Area Forecast Discussion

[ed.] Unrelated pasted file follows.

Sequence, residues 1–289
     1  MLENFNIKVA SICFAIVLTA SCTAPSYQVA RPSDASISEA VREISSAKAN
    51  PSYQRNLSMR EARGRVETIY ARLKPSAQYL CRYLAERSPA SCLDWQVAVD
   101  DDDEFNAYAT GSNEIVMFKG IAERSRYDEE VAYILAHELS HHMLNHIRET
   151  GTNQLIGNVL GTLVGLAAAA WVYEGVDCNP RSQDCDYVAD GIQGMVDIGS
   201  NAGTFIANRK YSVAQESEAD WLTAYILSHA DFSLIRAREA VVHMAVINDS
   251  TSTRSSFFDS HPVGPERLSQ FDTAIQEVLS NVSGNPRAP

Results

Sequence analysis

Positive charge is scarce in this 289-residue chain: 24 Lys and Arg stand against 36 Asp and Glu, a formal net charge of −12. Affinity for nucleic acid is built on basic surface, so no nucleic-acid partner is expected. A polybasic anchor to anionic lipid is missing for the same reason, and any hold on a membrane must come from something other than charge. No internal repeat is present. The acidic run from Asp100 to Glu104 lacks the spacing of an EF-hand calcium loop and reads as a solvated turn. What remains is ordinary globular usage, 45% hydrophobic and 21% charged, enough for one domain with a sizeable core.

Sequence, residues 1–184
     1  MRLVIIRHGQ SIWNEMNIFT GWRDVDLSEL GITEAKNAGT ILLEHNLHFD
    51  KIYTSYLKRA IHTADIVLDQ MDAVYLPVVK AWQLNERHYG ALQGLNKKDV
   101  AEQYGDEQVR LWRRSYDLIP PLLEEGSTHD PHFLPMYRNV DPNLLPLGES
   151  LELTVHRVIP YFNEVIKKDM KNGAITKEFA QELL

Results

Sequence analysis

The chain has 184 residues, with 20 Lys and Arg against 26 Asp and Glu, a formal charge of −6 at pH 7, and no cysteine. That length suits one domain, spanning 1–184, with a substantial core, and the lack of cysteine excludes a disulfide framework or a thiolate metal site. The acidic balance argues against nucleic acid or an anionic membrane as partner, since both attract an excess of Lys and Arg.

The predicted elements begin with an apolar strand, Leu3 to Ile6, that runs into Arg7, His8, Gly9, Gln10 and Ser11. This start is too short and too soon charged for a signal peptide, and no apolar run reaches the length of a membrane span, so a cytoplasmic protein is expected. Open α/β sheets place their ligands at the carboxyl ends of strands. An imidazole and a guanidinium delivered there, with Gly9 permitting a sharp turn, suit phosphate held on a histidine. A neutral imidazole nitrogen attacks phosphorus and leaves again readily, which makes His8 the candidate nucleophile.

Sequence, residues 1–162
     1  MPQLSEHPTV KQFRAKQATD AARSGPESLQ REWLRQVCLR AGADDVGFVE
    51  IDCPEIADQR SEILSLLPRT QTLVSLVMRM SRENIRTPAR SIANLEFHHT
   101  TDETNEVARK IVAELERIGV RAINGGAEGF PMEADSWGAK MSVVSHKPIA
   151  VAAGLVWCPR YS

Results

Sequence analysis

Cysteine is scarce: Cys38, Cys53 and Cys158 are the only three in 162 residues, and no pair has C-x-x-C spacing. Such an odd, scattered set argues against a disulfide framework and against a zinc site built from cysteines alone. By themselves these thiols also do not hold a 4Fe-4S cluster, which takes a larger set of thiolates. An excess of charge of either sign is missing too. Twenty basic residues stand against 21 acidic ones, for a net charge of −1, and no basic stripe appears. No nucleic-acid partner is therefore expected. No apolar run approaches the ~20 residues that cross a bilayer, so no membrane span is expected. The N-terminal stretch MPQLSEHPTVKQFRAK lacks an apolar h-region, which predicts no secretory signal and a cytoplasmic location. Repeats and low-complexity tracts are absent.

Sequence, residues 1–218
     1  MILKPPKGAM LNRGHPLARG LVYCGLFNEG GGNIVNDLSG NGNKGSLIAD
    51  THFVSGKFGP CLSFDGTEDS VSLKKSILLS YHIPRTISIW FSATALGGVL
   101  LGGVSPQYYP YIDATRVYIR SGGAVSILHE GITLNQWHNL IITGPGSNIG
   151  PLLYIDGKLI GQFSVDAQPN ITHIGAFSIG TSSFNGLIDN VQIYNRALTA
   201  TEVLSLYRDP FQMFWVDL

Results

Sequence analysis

National Weather Service Pittsburgh PA